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George Harrison wrote this in Eric Clapton's garden using one of Clapton's acoustic guitars. When the Beatles' manager Brian Epstein died in 1967, the band had to handle more of their accounting and business affairs, which Harrison hated. He wrote this after attending a round of business meetings. This song was inspired by the long winters in England which Harrison thought went on forever.
In the documentary The Material World, Eric Clapton talked about writing this song with Harrison: "It was one of those beautiful spring mornings. I think it was April, we were just walking around the garden with our guitars. I don't do that, you know? This is what George brought to the situation. He was just a magical guy... we sat down at the bottom of the garden, looking gout, and the sun was shining; it was a beautiful morning, and he began to sing the opening lines (to "Here Comes the Sun") and I just watched this thing come to life."
The music begins on the left channel and gradually moves to the right as Harrison's vocal begins.
The instrumental break is similar to "Badge
," which Harrison helped Clapton write for his band Cream.
John Lennon did not play on this. Around this time, he was making a habit of not playing on Harrison's compositions as the two were not on the best of terms. The two eventually settled their differences as George contributed quite a bit to Lennon's album Imagine 2 years later. (thanks, Adrian - Wilmington, DE)
Harrison sang lead vocals, played acoustic guitar and used his newly acquired Moog synthesizer on this. It was one of the first Pop songs to feature a Moog synthesizer.
In 2006, this was voted by the members of the GeorgeHarrison.com forum as their favorite song of his.
In 1976 a cover by Steve Harley and Cockney Rebel was a #10 hit in the UK.
Richie Havens covered this in 1971. The Beatles' version never charted, but his hit #16 in the US. Others who have covered this include Nina Simone and Peter Tosh.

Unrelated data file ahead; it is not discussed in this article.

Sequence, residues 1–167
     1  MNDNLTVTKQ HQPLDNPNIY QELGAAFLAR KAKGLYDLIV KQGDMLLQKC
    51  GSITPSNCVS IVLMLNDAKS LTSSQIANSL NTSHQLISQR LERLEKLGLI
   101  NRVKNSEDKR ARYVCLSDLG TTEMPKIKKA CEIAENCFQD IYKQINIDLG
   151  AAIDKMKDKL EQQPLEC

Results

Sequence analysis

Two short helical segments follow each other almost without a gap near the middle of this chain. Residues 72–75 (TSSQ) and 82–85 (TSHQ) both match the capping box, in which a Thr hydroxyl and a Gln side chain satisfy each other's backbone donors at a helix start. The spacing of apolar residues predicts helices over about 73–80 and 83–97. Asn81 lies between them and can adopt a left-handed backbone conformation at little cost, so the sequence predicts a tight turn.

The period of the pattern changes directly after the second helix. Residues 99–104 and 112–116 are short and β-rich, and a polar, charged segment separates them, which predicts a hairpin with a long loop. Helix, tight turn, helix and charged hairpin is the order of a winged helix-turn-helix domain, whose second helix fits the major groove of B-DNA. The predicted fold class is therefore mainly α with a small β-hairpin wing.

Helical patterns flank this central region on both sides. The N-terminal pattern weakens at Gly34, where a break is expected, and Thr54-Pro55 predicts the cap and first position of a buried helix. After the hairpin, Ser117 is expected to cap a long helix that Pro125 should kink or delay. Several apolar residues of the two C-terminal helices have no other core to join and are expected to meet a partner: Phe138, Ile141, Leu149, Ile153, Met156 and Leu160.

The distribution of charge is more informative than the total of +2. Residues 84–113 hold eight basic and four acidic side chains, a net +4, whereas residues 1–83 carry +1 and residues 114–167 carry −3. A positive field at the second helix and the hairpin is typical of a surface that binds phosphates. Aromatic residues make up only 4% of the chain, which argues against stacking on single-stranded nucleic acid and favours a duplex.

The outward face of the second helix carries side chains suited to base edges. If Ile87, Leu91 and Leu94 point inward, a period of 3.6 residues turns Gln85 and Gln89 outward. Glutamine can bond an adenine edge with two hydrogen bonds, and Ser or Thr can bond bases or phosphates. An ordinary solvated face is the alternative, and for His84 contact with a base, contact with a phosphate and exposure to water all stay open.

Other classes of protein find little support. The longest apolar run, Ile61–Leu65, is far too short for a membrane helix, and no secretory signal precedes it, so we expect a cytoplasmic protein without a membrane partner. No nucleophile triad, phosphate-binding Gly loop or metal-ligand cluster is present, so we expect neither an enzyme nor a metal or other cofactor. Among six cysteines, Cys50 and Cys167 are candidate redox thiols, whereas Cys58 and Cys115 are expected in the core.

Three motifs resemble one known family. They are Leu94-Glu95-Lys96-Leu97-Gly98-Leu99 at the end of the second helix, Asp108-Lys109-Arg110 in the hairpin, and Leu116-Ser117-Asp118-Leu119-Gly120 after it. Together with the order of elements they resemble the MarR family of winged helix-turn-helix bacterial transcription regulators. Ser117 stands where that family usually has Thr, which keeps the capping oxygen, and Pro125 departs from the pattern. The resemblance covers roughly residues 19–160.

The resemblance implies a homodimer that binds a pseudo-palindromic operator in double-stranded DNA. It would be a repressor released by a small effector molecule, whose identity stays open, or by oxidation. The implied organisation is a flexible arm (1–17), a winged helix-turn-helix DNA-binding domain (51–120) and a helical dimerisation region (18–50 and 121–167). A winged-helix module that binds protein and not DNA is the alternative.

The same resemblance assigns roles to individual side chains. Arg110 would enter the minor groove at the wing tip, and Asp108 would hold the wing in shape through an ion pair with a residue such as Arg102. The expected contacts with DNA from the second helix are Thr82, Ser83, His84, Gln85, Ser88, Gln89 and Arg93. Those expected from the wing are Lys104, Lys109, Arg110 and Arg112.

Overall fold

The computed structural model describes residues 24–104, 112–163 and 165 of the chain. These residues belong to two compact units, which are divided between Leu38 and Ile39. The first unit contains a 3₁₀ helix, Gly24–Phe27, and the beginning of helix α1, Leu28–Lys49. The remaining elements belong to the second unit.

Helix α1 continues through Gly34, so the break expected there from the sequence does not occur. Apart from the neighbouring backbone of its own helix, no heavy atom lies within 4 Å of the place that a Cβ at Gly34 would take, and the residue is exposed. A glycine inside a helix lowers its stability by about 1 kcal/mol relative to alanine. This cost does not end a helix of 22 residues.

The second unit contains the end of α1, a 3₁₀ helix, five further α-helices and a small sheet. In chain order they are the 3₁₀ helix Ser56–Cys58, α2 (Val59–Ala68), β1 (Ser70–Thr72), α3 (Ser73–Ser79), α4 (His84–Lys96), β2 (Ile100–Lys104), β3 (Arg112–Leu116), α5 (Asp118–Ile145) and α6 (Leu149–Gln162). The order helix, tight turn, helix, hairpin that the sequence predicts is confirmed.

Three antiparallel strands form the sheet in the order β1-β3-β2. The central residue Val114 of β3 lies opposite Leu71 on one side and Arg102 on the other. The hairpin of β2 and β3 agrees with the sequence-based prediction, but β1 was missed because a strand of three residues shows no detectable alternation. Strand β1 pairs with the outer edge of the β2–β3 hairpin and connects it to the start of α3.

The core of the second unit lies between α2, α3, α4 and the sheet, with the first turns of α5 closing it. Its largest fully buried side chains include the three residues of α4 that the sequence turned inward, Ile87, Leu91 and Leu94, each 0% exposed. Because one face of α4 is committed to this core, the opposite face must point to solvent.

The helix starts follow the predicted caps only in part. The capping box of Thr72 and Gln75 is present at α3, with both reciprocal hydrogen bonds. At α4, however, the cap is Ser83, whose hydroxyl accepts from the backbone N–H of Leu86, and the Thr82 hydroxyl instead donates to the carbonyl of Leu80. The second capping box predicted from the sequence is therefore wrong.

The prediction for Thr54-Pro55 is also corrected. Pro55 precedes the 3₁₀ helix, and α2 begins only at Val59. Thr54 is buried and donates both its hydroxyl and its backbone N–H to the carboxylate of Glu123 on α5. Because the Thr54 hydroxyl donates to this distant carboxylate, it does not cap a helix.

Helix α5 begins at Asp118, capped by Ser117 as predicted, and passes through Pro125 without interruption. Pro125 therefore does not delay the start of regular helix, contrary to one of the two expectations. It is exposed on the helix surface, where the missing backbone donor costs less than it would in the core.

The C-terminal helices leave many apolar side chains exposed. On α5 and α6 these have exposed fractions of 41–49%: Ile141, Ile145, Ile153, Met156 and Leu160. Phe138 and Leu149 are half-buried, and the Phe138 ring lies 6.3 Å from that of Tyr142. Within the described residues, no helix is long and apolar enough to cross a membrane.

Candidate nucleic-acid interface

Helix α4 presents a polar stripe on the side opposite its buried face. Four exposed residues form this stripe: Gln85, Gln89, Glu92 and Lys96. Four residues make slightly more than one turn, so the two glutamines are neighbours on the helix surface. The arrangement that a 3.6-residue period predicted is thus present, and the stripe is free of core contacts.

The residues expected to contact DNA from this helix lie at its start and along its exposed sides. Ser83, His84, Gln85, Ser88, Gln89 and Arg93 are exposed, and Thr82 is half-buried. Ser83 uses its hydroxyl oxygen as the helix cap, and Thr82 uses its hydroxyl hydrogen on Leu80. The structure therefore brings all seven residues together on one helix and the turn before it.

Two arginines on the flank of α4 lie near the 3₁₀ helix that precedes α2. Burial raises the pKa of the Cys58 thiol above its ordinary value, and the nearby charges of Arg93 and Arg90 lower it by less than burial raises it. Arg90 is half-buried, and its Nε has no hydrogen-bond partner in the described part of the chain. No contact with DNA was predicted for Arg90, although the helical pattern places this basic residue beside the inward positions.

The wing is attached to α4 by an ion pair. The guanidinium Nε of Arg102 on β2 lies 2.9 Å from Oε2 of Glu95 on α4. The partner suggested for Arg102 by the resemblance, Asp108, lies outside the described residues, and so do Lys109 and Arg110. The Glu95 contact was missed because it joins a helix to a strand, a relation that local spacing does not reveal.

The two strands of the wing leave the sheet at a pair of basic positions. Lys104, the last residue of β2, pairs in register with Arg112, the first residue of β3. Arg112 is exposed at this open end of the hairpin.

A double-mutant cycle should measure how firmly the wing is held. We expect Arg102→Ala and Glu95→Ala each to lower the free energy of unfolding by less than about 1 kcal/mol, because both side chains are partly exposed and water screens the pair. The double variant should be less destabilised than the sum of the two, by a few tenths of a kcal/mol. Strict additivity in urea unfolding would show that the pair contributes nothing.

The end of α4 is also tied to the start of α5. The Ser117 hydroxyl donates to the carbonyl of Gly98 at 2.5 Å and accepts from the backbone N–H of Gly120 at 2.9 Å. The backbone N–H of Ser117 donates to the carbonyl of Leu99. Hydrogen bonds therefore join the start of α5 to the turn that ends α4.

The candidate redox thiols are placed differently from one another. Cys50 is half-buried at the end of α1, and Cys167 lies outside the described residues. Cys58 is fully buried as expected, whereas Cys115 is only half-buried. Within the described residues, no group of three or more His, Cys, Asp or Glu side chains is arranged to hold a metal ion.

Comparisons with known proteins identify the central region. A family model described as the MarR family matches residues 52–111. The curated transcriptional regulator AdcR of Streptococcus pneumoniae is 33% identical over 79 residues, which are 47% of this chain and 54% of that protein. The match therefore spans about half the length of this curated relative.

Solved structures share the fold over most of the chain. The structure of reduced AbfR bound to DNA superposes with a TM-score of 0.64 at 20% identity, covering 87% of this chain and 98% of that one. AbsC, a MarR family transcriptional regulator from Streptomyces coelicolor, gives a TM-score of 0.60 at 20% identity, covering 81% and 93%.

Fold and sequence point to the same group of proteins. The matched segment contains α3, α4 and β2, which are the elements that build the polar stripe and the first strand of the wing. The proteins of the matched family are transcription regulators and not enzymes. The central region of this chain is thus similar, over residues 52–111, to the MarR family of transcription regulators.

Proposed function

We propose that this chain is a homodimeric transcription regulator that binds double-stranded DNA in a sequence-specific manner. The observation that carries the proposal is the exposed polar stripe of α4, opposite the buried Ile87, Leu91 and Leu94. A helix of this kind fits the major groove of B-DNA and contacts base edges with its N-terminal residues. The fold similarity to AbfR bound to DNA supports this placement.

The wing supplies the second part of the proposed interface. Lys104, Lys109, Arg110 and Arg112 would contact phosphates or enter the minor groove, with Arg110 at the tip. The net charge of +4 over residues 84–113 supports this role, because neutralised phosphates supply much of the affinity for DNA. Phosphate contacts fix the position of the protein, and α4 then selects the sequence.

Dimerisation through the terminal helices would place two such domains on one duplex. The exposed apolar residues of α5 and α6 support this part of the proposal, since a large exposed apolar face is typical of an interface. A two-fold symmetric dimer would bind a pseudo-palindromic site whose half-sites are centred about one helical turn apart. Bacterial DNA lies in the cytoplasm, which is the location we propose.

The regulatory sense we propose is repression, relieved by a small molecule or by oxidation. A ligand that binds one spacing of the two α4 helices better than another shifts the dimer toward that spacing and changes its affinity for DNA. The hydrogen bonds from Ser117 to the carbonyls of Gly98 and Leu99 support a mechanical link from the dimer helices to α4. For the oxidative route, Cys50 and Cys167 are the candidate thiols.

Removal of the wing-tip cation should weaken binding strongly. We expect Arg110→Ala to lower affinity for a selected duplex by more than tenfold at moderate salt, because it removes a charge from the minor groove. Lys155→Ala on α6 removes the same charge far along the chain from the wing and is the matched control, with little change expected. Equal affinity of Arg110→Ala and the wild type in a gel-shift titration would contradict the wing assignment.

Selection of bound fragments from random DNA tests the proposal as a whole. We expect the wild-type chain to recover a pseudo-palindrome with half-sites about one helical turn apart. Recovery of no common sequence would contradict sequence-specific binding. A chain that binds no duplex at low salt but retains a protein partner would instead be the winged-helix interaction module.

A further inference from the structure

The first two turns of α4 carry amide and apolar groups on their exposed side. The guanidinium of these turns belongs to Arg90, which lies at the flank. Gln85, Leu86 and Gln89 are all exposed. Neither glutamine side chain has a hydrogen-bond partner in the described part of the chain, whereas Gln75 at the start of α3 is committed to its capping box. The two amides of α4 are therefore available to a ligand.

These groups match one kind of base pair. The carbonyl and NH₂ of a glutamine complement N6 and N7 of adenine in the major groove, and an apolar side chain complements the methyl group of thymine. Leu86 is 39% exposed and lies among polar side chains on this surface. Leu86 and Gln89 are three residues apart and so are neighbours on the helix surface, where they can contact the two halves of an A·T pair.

On November 20, 1976, Harrison performed this with Paul Simon on Saturday Night Live. On a previous show, producer Lorne Michaels offered The Beatles $3,000 (union minimum), to show up and perform. He said they could split it up any way they wanted, giving Ringo less if they felt like it. Lennon and McCartney were watching together in New York at the time and almost went. On the show when Harrison performed this, there is a skit where he is arguing with Michaels over the money. Michaels tries to explain that the $3000 was for the whole group, and he would have to accept less.
When Harrison died in 2001, many artists performed this at their concerts as a tribute. It was played at the induction ceremonies of the Rock And Roll Hall Of Fame as part of the all-star jam.
See a garden display dedicated to George Harrison in Song Images
George Harrison played a guitar solo that was placed at 1:02 into the song, but didn't make the final cut. Here's the clip where George Martin
and Dhani Harrison listen to it.
Take That's Gary Barlow covered this for a 2012 advert for Marks and Spencer. It was the first song he'd recorded as a solo artist since his sophomore album, Twelve Months, Eleven Days in 1999. He said: "It's a real a privilege to cover such an iconic track. You can't better perfection but I hope we've given it a modern twist that will capture the mood of the nation and provide the perfect anthem for summer 2012." The song's exposure on the commercial resulted in the original Beatles recording charting in the UK singles top 75 for the first time.
Tom Petty, who was Harrison's good friend and played with him in the Traveling Wilburys, said of this song in Rolling Stone: "No piece of music can make you feel better than this. It's such an optimistic song, with that little bit of ache in it that makes the happiness mean even more."
When he was playing Ozzfest with Black Label Society, a kid told Zakk he was the best Ozzy guitarist - Zakk had to correct him.
Gary Lewis and the Playboys had 7 Top-10 hits despite competition from The Beatles. Gary talks about the hits, his famous father, and getting drafted.
Allen Toussaint - "Southern Nights"
A song he wrote and recorded from "sheer spiritual inspiration," Allen's didn't think "Southern Nights" had hit potential until Glen Campbell took it to #1 two years later.
Mike Love of The Beach Boys
The lead singer/lyricist of The Beach Boys talks about coming up with the words for "Good Vibrations," "Fun, Fun, Fun," "Kokomo" and other classic songs.